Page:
Part Four has Gandhi fighting the Asiatic Department in the Transvaal, giving legal advice to Johannesburg Indians in land acquisition cases, organizing an Indian Volunteer Corps for the Great War, and more. He tells us about his religious studies, his experiments in the diet (fruits and nuts only: dang), and his thoughts on the brahmacharya vow. He’s glad to be celibate, saying that life with sex is “insipid and animal-like.” He feels the self-restraint of celibacy is a purifying practice that makes him a better seeker of truth.

Part Five shows Gandhi at the height of his political power. He founds the Satyagraha Ashram in Ahmedabad, secures help for peasants in Champaran, fights the Rowlatt legislation, suspends Satyagraha after people become violent, edits newspapers, and gets a non-cooperation resolution passed by the Nagpur Congress. And that’s just some of what he does politically.

There’s also his decision to drink goat’s milk when a doctor recommends it for a terrible illness. Gandhi had seen all milk as an animal product, like vegans do today, but decided he needed strength for his public work and that his vow to his mother not to touch milk only encompassed buffalo and cow milk. Gandhi writes that even if drinking goat’s milk doesn’t violate the letter of his vow, it violates the spirit, and he feels quite conflicted and pained over his choice.

Gandhi is, without a doubt, a controversial figure. When asked to write an autobiography in the midst of his career, he saw that as a perfect chance to explain himself. In the book, he says that his ultimate goal is to seek the truth that is linked to devotion to God and how one can bend his life to be in line with the will of God. This is a clear attempt to have a relationship with divine power. According to Gandhi, achieving that requires one to seek purity, something that is possible via simple living, celibacy, dietary practices, and life without violence.

The influence of family on Mahatma

The book begins with Mahatma Gandhi’s narration of his early life. He tells how Gandhi’s are part of the Bania caste and that their original occupation was grocery. However, for the past three generations, from Gandhi’s grandfather, they have been Prime Ministers.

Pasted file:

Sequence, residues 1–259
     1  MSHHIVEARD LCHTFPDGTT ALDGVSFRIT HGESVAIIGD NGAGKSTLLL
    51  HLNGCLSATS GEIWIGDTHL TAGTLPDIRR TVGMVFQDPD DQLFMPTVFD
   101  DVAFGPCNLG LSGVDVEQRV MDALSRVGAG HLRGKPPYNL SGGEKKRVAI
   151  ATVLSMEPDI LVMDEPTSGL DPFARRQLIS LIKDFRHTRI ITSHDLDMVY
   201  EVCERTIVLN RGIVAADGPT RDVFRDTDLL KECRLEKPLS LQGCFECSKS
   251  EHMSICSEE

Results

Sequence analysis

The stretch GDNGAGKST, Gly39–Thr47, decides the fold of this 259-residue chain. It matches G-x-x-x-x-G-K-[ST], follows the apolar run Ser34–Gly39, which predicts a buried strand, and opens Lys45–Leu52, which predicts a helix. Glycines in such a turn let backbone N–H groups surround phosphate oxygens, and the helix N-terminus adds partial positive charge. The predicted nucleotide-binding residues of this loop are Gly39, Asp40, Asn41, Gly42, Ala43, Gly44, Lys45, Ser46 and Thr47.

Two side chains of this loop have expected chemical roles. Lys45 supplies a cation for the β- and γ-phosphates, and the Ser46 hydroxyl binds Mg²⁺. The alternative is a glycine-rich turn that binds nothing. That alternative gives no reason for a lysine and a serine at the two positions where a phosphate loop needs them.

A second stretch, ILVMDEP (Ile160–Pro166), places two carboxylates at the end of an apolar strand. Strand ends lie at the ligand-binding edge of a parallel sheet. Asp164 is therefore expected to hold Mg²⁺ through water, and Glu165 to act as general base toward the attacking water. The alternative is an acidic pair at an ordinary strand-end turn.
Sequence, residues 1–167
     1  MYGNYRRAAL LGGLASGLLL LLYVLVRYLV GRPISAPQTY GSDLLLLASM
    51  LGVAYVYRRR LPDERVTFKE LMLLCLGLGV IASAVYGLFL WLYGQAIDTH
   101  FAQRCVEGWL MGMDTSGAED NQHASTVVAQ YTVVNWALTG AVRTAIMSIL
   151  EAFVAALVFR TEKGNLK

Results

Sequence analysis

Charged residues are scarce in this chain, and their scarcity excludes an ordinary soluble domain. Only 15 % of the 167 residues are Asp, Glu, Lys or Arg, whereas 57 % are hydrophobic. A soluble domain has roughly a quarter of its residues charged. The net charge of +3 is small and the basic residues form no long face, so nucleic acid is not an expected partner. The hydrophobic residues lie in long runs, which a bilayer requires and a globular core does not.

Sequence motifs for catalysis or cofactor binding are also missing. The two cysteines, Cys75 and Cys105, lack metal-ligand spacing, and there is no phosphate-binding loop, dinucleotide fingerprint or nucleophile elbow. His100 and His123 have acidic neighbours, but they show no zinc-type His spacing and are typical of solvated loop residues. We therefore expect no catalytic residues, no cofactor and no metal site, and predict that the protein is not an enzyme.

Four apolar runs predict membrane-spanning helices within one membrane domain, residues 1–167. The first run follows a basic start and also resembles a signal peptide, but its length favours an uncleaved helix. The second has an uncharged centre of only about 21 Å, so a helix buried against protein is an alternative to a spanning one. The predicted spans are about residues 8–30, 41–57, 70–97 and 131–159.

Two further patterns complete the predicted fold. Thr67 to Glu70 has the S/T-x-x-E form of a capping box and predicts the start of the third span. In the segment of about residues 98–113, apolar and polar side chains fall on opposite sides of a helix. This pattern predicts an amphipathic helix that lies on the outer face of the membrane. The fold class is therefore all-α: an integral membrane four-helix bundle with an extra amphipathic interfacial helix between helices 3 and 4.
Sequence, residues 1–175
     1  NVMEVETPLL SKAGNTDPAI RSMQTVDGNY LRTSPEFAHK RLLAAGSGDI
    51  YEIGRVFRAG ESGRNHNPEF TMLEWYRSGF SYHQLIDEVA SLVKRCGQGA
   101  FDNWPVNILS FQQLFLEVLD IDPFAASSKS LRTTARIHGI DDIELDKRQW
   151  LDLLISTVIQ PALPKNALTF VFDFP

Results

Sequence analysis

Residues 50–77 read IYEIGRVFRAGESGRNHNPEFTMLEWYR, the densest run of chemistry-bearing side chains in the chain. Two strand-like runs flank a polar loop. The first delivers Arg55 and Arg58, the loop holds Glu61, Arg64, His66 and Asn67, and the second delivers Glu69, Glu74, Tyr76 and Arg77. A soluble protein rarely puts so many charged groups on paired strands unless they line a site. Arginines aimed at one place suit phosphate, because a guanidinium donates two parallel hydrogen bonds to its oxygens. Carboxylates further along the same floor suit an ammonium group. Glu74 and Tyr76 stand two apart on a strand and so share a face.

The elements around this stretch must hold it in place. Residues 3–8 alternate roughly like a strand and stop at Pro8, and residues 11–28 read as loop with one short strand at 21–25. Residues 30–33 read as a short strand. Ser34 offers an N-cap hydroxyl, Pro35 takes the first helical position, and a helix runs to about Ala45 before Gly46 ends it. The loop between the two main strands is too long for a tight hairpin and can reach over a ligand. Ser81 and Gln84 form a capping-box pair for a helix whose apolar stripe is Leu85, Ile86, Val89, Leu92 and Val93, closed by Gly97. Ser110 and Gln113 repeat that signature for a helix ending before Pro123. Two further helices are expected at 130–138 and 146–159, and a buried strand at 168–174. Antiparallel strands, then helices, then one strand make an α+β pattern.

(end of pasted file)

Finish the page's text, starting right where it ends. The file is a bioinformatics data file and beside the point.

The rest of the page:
Mahatma Gandhi expresses a lot of admiration for his father and grandfather. Just from how he talks about them, you can tell that the two played a central role in Mahatma’s life. He tells of how his father loved his clan, was generous, brave, and truthful, but could not keep his temper under control.

One of the most striking comments about Mahatma Gandhi’s father is when he says: “My father never had any ambition to accumulate riches and left us very little property.” This is exactly the kind of man that Mahatma turned out to be. He would rather have nothing but be happy instead of owning everything.

His mother’s impact cannot be left out either. “The outstanding impression my mother has left on my memory is that of saintliness.” The mother was a deeply religious lady. At no point did she ever take her meals without the daily prayers. She would make some of the toughest vows and strive towards keeping them despite the challenges faced. Even when sick, she would never move away from her determination. Mahatma recalls of the time when the mother observed the Chandrayana vow while sick.

Thanks to the life that his parents led, Mahatma retained one of the most admirable integrity. This can be seen in an incident that once happened while in high school during an examination. Mr. Gales, the Educational Inspector, asked them to spell a couple of words. He left a teacher to supervise them. One work, “kettle”, proved challenging to Mahatma. The teacher tried to signal him to copy from his neighbor, but he never did. Interestingly, the end result was that everyone except him spelled every word correctly.

The South Africa factor

Long before Gandhi took charge of the Indian freedom movement, he used to reside in South Africa, where he fought against injustice and division along class lines. For a span of 10 years, Mahatma Gandhi propagated the idea of Satyagraha in the country, as he worked towards zero class or ethnic discrimination.

In his autobiography, Mahatma Gandhi describes his preparation for South Africa. His main purpose of going to South Africa was to represent a firm in a court case. The claim was € 40,000. The case had been happening for quite a while, and the firm hoped that involving the services of Mahatma Gandhi would help finalize it. Mahatma’s services were required for not more than a year, and his payment would be € 105. He took on the opportunity to leave India and got ready for South Africa.